Fentanyl becoming deadly in BC
Between July 7 and August 7, 12 people died in British Columbia at least partly as a result of ingesting the prescription drug fentanyl.
The powerful opioid is used primarily for cancer patients in severe pain, but in recent years has begun surfacing cut into other recreational drugs, or in pills manufactured to resemble the painkiller Oxycontin.
The sudden increase of deaths related to fentanyl is an alarming escalation of an issue that Okanagan’s medical community has in recent years been fighting.
According to the Canadian Centre on Substance Abuse, between 2012 and 2014 there were 152 deaths involving fentanyl in the province.
The British Columbia Coroners Service has recorded 54 drug overdose deaths involving fentanyl in just the five-month period from January through May this year. That on top of the 12 recent overdoses in August.
Jeff Walsh is the regional harm reduction coordinator with the Interior Health Authority. In an interview he said that for years the authority has been fighting to curb the number of overdoses due to opioids.
Opioids work by depressing the central nervous system, and when taken in too high a concentration cause blood pressure to plummet and slow breathing to the point of death.
The high toxicity of fentanyl, combined with the fact that it is often cut into other recreational drugs without users being aware of it, makes it particularly dangerous, even to regular drug users.
“That’s the really concerning thing because fentanyl is 50 to 100 times more toxic than morphine,” Walsh said. “So people are obviously taking what they think is their usual dose, and they’re overdosing on that.”
While fentanyl has already become a serious problem across the province, anecdotal evidence from local health officials suggests it hasn’t made its way to Oliver in a significant way. Many say they haven’t encountered much of the drug in the community at this point, but warn that it would be naive to think it’s not out there.
Doctor Peter Entwistle, the chief of staff at South Okanagan General Hospital, told the Chronicle in a statement that “Fentanyl is a problem, not a particularly large issue locally,” but that “drug abuse and misuse is an issue in our communities as it is in many.”
Walsh said that “opiate overdose in general has been a big problem” for Interior Health, and that it has seen some fentanyl in the region.
“We do have times when we do have fentanyl coming through,” he said, adding that with the product moving through the province it could show up in the Okanagan more seriously at any time. “We know it’s not very far for it to come this way.”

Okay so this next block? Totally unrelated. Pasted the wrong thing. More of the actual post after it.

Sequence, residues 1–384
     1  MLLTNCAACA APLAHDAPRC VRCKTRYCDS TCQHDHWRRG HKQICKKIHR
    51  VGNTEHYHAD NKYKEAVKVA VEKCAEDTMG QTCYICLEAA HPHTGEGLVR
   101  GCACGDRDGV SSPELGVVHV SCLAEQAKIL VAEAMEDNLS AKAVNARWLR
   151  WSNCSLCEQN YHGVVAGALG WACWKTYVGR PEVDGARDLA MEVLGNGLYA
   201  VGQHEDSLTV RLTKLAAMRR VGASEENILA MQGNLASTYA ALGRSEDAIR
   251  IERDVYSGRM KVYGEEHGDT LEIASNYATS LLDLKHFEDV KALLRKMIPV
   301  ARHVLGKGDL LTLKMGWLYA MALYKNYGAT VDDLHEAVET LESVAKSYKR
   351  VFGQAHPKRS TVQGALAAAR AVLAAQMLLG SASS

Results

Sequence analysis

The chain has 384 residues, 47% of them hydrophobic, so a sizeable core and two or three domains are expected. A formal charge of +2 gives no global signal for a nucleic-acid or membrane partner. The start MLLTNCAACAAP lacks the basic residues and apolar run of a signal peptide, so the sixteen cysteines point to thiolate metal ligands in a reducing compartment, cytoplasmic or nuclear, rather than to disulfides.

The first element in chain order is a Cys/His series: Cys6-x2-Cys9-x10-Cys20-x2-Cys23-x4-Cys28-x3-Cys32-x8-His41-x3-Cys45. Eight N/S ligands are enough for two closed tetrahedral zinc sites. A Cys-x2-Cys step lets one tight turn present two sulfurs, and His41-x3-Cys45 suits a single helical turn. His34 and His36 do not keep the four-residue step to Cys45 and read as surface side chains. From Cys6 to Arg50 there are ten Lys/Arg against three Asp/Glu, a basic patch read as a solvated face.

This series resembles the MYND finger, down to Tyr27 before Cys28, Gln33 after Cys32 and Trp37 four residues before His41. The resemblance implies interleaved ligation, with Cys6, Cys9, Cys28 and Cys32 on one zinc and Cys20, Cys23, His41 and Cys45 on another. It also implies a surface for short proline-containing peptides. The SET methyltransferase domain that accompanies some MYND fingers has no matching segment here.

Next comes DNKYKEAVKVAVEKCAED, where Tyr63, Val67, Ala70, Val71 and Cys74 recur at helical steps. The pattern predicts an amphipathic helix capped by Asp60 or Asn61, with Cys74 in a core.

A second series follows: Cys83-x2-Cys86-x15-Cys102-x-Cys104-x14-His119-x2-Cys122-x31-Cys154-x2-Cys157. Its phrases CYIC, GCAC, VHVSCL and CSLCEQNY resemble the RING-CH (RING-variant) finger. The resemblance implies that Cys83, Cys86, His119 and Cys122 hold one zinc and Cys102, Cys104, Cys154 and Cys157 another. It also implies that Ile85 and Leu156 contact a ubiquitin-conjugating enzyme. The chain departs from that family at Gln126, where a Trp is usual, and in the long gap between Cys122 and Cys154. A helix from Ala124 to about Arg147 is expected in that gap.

Fentanyl is still fairly new, so Interior Health can’t say exactly why it has suddenly become so popular. But Walsh said it is likely coming from overseas, where it can be manufactured very cheaply. Drug dealers are probably cutting their product with it to save money.
Pharmaceutical companies also recently made changes to the opioid Oxycontin that made it much harder to abuse as a recreational drug, and many speculate that fentanyl has appeared to fill in the gap in the drug trafficking trade those changes left.
Local RCMP did not respond to requests for an interview, but last month the Richmond RCMP discovered drugs believed to be fentanyl in a hidden compartment of a Jeep during a traffic stop. Officers arrested a 23-year-old male from Surrey and seized more than 1000 pills resembling the pain medication Oxycontin.
In the meantime, Walsh said Interior Health is working to raise awareness about fentanyl in communities across the Okanagan.
Through poster campaigns and word-of-mouth information given through local drug counsellors, the organization is trying to offer advice to keep users safe.
It is also pushing hard to teach users how to spot an opioid overdose. Walsh said that because a fentanyl overdose can look so much like a person who is simply sleepy and ready for bed, many overdoses happen when victims’ friends put them to bed.
“We have a perception of what an overdose looks like in our society, and that’s usually fairly instantaneous and fairly dramatic. With opiate overdoses people just think that people are sleepy and tired and they put them to bed, and that’s when people actually pass away, when people just think they are tired and that they don’t need medical attention,” Walsh said.
Interior Health has also stepped up its Take Home Naloxone program.
Naloxone is a drug that boots opioids out of the receptors in the brain that they bind to, effectively sending someone who is overdosing into withdrawal and saving their life.
The program gives Naloxone kits and training to users to take with them in the hopes that if an overdose happens they have the tools to prevent deaths.
For more information on fentanyl or for addictions counselling, call the BC Ministry of Health’s local alcohol and drug counselling service at 250-495-6433.
By Trevor Nichols